The trial judge, James Warren, defended his decision to toss out Knoller's second-degree murder conviction. Prosecutor James Hammer and Sharon Smith were among the critics who said that Judge Warren had "stolen justice" from them by overturning the jury's decision. The judge stated:

"There was a statement made that this court has destroyed a sense of justice in the city of San Francisco. I certainly hope that is correct. I hope that is the result that I accomplished. A sense of justice is precisely what this court will never become involved in creating. A sense of justice is personal. It is infected with bias, prejudice, public opinion, public feeling, everything that the court should not be involved in. A sense of justice was achieved by vigilante posses. A sense of justice, I suggest, was achieved by Ku Klux Klan members and I daresay a sense of justice was achieved by people who flew airplanes into buildings not so long ago. That is not justice. That is not justice, in fact. It is a sense of justice that is personal. And it is precisely that which this court will seek to avoid. We will administer justice, in fact, in this case without regard to whether anyone feels that a sense of justice on a personal level has been achieved.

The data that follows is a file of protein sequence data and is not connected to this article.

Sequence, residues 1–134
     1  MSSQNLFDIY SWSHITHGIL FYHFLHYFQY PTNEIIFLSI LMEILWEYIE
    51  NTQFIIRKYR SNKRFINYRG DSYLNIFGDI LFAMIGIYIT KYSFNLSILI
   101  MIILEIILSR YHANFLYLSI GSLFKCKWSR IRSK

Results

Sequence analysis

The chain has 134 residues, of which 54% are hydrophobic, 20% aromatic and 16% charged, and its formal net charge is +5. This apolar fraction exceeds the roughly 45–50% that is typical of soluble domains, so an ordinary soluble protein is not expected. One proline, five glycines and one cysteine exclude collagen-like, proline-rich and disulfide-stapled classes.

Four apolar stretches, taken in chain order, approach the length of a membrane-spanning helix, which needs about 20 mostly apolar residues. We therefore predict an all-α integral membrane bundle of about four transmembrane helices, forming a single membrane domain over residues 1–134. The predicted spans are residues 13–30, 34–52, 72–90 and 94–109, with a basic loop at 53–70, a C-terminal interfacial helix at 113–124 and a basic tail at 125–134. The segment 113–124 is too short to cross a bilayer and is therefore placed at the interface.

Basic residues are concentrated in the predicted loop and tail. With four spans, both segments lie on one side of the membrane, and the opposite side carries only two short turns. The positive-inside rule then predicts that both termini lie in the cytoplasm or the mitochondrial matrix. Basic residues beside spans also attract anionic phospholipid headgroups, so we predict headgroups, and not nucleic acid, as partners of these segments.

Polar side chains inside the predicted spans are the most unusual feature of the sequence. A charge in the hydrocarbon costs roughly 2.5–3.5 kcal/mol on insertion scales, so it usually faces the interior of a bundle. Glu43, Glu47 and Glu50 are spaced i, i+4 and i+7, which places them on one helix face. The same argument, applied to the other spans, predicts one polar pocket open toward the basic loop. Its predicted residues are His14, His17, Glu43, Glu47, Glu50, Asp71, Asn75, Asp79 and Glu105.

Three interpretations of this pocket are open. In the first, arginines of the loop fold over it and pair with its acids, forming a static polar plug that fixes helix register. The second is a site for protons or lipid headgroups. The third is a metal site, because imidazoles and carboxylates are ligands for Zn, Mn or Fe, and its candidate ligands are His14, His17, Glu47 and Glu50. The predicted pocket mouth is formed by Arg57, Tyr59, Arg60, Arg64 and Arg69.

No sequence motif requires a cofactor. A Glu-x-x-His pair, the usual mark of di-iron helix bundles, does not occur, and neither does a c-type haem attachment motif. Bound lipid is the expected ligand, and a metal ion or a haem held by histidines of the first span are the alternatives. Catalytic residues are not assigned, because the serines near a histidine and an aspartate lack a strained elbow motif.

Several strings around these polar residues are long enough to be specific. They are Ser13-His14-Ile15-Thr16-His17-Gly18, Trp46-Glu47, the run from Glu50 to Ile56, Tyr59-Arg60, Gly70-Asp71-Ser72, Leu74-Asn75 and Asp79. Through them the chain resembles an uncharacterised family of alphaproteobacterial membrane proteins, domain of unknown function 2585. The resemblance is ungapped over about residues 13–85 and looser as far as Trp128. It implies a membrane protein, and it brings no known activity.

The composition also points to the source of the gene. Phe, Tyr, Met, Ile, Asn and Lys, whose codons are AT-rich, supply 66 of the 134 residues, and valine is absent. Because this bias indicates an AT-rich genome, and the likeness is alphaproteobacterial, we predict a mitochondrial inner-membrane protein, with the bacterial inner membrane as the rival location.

"I wish I were superhuman judge but I am not. I do not have every one of the 60 or 70,000 cases dealing with second-degree murder at the tip of my tongue or the tip of my hand. It does no good to go back today and say, 'Gee, if you had everything you knew today would you have done something different then?'"